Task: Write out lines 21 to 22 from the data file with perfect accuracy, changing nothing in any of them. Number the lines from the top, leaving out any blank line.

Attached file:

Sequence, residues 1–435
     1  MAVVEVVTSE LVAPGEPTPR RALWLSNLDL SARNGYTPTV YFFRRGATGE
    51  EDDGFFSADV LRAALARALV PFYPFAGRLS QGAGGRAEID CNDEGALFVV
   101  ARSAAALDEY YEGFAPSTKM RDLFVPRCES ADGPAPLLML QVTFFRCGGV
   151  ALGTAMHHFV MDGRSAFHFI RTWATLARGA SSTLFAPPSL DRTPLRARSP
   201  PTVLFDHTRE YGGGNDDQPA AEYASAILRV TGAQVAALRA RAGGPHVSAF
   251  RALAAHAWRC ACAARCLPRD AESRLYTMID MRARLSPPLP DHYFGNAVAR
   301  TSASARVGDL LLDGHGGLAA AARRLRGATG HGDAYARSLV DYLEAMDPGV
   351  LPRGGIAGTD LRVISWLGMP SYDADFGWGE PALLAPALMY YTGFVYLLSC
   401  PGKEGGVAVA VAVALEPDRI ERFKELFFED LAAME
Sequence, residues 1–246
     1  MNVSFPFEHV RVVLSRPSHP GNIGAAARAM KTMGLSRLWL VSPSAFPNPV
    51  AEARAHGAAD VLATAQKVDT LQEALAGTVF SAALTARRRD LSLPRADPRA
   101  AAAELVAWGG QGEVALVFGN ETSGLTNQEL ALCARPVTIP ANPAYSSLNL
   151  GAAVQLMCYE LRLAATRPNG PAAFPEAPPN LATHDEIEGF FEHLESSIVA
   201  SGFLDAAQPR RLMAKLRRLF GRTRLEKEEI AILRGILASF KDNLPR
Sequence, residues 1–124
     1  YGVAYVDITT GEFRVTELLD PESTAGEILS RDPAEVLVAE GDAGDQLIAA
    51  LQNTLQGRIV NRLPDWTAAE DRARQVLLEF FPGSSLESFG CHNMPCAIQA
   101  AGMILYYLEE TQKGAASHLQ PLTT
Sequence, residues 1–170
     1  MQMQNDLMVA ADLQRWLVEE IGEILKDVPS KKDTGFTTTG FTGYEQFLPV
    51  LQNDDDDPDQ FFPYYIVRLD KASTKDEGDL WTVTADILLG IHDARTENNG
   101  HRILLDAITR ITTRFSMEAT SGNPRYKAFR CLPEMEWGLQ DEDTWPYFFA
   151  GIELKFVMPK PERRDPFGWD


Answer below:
Sequence, residues 1–170
     1  MQMQNDLMVA ADLQRWLVEE IGEILKDVPS KKDTGFTTTG FTGYEQFLPV